Dr. Gupta obviously has a conflict of interest as a journalist who has no interest to endorse his profession’s primary competition for spine cases—those pesky chiropractors who are now recommended by every international guideline on back pain treatments, a fact he has never mentioned on CNN.

Mr. Brill spoke of this point—the lack of free enterprise in healthcare—in his lengthy 36-page exposé:

“It’s about facing the reality that our largest consumer product by far—one-fifth of our economy—does not operate in a free market…

“We’ve created a secure, prosperous island in an economy that is suffering under the weight of the riches those on the island extract. And we’ve allowed those on the island and their lobbyists and allies to control the debate…”[5]

I might add the medical media is an “ally” that controls this debate as we’ve seen with Dr. Gupta’s biased reporting that excludes chiropractic care as a viable option to drugs, shots, and spine surgery. Obviously the huge compensation to back surgeons is one glaring example of the “prosperous island” that Mr. Brill mentions.

CNN and Dr. Gupta are not alone as “allies” who control this debate by boycotting chiropractic in the news.

National Public Radio (NPR) also has developed a bad case of amnesia. Accounting by shows only 13 articles on chiropractic in 185,069 segments on NPR programs that equates to a frequency rate of only 0.0070091%.[6]

Considering the fact that the chiropractic is the third-largest physician-level profession in the world, the scarcity of accurate news coverage is appalling during the present pandemic of back pain, now considered the #1 disabling condition worldwide.

Indeed, if there are glaring mistakes in Obamacare, it was not breaking up the medical cartel or demanding a Fairness Doctrine in the media reporting on alternatives to medical care. Without good choices, patients are doomed to the same old medical methods that have gotten America into this present healthcare dilemma.

Mr. Brill spoke of this “perverse motivation” among doctors and in hospitals; “When you follow the money, you see the choices we’ve made, knowingly or unknowingly.”

This is most evident with treatments for the epidemic of back pain. For example, why would a hospital knowingly want chiropractic care available when a spine surgery patient brings in ten times more revenue for the same diagnostic case of low back pain?

As Mr. Brill indicated in his report, hospitals are notorious for over-use of tests and treatments, which is most obvious with the increasing amount of expensive and harmful medical spine practices.

I might add hospitals are notorious for discrimination against chiropractors and all CAM providers that are cheaper, safer, and often more effective than drugs, shots, and surgery.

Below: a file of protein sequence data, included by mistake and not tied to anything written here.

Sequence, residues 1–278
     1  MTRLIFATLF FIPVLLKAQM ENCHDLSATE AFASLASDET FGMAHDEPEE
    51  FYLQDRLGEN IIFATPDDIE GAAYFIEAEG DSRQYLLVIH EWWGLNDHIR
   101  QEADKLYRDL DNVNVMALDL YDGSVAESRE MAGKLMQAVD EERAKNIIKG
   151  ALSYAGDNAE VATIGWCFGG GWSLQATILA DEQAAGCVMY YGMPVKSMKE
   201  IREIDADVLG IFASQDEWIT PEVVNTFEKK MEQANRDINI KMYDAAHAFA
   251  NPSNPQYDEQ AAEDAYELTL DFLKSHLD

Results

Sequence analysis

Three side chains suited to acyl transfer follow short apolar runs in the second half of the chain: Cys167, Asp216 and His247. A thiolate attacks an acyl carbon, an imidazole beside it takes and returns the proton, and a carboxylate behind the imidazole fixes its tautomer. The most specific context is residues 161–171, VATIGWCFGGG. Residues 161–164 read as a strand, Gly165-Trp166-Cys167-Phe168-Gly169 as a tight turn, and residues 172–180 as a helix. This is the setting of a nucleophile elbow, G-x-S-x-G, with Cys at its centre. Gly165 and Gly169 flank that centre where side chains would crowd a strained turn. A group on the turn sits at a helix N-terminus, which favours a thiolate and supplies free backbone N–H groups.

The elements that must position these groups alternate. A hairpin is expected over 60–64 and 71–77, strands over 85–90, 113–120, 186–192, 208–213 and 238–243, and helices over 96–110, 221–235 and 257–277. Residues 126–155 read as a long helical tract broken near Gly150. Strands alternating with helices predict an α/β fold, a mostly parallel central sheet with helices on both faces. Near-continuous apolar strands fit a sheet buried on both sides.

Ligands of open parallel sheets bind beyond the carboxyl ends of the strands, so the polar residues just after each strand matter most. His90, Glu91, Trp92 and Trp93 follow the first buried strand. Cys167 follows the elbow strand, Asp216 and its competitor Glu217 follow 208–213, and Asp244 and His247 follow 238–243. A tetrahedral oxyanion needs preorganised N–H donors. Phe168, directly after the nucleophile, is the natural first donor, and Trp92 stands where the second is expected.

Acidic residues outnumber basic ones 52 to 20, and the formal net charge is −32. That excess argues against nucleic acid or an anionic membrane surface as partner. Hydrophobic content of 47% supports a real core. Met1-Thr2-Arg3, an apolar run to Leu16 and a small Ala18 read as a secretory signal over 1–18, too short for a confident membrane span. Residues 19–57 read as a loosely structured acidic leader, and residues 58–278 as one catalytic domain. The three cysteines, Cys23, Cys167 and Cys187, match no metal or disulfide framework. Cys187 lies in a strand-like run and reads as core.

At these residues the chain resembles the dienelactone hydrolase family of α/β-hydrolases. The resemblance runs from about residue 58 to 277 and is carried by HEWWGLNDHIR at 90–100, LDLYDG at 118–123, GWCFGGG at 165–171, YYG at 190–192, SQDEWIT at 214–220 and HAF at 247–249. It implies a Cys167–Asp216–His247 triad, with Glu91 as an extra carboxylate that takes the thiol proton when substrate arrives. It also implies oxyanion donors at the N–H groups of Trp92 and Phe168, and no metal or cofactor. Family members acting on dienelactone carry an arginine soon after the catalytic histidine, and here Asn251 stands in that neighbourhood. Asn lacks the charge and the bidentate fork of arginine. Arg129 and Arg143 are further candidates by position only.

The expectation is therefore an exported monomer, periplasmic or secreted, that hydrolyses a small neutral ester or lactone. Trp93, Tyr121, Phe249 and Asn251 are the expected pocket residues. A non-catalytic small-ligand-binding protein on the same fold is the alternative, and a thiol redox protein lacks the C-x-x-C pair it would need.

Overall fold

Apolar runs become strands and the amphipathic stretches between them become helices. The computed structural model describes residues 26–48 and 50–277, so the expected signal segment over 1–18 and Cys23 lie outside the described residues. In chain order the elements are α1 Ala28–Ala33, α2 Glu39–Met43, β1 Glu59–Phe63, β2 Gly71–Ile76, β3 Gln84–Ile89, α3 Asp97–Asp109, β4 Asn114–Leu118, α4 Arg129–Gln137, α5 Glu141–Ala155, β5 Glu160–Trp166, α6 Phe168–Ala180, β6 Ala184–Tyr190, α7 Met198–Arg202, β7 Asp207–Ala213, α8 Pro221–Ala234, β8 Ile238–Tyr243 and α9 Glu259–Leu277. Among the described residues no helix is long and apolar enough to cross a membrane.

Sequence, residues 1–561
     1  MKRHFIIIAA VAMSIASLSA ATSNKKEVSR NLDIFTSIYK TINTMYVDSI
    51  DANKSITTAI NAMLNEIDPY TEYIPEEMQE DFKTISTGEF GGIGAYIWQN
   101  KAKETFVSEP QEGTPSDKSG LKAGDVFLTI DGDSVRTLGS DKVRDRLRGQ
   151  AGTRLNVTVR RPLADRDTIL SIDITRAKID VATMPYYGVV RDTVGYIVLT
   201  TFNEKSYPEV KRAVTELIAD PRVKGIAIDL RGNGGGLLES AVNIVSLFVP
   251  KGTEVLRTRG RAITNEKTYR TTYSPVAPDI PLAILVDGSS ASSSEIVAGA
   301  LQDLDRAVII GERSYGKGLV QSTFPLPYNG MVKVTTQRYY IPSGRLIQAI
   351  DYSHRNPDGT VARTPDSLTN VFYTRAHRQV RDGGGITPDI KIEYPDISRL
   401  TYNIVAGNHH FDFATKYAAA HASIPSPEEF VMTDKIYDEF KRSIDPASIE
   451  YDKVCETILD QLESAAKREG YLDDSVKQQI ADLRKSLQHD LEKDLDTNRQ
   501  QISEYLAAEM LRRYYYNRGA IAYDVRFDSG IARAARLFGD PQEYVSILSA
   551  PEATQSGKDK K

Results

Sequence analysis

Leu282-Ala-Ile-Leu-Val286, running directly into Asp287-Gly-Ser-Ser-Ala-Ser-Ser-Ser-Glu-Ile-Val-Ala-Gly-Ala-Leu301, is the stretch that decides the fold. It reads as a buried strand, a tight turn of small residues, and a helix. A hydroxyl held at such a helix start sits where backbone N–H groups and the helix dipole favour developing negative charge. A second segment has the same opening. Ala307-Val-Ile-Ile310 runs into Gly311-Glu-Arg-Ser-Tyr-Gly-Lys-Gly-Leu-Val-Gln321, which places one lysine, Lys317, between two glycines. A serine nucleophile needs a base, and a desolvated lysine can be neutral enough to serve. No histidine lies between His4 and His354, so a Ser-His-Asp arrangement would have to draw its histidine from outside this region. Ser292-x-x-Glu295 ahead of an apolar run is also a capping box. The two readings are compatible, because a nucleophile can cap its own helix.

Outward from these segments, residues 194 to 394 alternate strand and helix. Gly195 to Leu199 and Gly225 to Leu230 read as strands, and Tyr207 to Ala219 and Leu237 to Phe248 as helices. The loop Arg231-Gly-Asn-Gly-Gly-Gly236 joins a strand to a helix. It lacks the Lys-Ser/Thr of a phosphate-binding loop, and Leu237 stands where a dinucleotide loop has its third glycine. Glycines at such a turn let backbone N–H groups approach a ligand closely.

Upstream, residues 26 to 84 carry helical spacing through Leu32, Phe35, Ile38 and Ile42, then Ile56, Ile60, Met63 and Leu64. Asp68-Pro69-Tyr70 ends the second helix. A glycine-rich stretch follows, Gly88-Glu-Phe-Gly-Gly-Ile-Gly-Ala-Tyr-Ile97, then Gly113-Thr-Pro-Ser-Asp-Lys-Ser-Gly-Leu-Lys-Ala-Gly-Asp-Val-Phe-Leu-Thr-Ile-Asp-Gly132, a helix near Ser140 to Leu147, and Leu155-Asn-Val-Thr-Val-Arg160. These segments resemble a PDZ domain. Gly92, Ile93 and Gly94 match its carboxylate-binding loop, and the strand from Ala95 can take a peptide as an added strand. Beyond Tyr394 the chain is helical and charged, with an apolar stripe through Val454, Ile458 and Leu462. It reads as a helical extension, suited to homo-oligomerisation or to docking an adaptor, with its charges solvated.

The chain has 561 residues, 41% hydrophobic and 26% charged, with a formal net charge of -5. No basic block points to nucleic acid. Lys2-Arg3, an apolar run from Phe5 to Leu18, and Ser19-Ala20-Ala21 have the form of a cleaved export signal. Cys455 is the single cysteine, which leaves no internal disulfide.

Despite the evidence supporting CAM methods for back pain (principally Chiropractic, Acupuncture, and Massage therapy), from 1994 to 2007, JAMA reported the patient population increased by only 12%, but MRIs increased 307%, spinal fusion surgery increased 204%, spinal injections increased 629%, and opiate use increased 423%.[7]

Without question, the medical profession has knowingly ignored the paradigm shift in spine care that has refocused attention on CAM treatments over medical spine care for the 85% of mechanical low back cases, which means the problem is patho-physiological, not patho-anatomical. In other words, joint dysfunction is the cause of most back problems rather than the 15% of those cases caused cancer, fractures, infections or true disc ruptures that require medical care.

The seminal research in spine care essentially began in 1990 when MRI research by Scott Boden, MD, now director of the Spine Center at Emory University, debunked the discogenic theory when he found many people without back pain also had herniated or degenerated discs.[8]

Richard Deyo, MD, MPH, also agreed that “many of these disc abnormalities are trivial, harmless, and irrelevant, so they have been dubbed incidentalomas,” equivalent to “finding gray hair” since both are part of the normal aging process.[9]

Despite this research undermining the “bad disc” theory that still permeates in medical practices, spinal fusion costs covered by Medicare escalated to $2.24 billion in 2008—nearly a 400% increase in cost since 1997.[10]

Spine researchers also admit to the tsunami of MRI imaging tests and medical treatments of drugs, shots, and surgery:

Narcotic painkillers in 2010 killed 38,329 people (more than deaths from illicit drugs) of whom 75% were taking for back pain;
Spinal injections have been deemed no more effective than placebo and recently attributed to deaths from meningitis infections;
MRI scans are detecting anatomical disorders chided as “incidentalomas” because “bad discs” are often incidental to the patients’ pain; and
Back surgeons have gone wild “leaving more tragic human wreckage in its wake than any other operation in history.”[11]
Dr. Boden also admitted, “Many, if not most, primary medical care providers have little training in how to manage musculoskeletal disorders.”[12]